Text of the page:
An intermediate complexity general circulation model is used to investigate the transient response of the NH winter stratosphere to modulated ultraviolet (UV) radiation by imposing a stepwise, deliberately exaggerated UV perturbation and analyzing the lagged response. Enhanced UV radiation is accompanied by an immediate warming of the tropical upper stratosphere. The warming then spreads into the winter subtropics due to an accelerated Brewer-Dobson circulation in the tropical upper stratosphere. The poleward meridional velocity in the subtropics leads to an increase in zonal wind in midlatitudes between 208 and 508N due to Coriolis torque. The increase in midlatitude zonal wind is accompanied by a dipole in Eliassen-Palm flux convergence, with decreased convergence near the winter pole and increased convergence in midlatitudes (where winds are strengthening due to the Coriolis torque); this dipole subsequently extends the anomalous westerlies to subpolar latitudes within the first 10 days. The initial radiatively driven acceleration of the Brewer-Dobson circulation due to enhanced shortwave absorption is replaced in the subpolar winter stratosphere by a wave-driven deceleration of the Brewer-Dobson circulation, and after a month the wave-driven deceleration of the Brewer-Dobson circulation encompasses most of the winter stratosphere. Approximately a month after UV is first modified, a significant poleward jet shift is evident in the troposphere. The results of this study may have implications for the observed stratospheric and tropospheric responses to solar variability associated with the 27-day solar rotation period, and also to solar variability on longer time scales.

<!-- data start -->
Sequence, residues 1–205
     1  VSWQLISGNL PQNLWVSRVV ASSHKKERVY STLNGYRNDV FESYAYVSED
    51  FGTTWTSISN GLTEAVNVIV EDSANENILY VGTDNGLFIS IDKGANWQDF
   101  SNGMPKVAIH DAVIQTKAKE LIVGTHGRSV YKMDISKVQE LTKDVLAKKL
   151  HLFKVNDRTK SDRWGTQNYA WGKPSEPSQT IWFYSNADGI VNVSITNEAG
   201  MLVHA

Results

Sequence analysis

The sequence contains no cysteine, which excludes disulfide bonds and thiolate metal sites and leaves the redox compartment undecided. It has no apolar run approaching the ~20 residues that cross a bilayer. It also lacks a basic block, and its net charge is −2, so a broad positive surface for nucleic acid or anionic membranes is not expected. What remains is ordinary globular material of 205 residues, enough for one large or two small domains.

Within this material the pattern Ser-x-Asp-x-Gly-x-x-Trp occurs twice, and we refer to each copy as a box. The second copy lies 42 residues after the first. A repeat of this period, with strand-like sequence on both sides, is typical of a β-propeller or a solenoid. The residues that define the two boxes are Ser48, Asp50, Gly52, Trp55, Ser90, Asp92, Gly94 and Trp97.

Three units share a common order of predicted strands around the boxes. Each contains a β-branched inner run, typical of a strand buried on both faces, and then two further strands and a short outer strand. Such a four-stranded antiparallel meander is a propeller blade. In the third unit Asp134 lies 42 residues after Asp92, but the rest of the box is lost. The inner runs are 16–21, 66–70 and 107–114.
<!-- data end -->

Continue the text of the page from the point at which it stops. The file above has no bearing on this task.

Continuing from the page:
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- Solar cycle
- Stratosphere-troposphere coupling
- Stratospheric circulation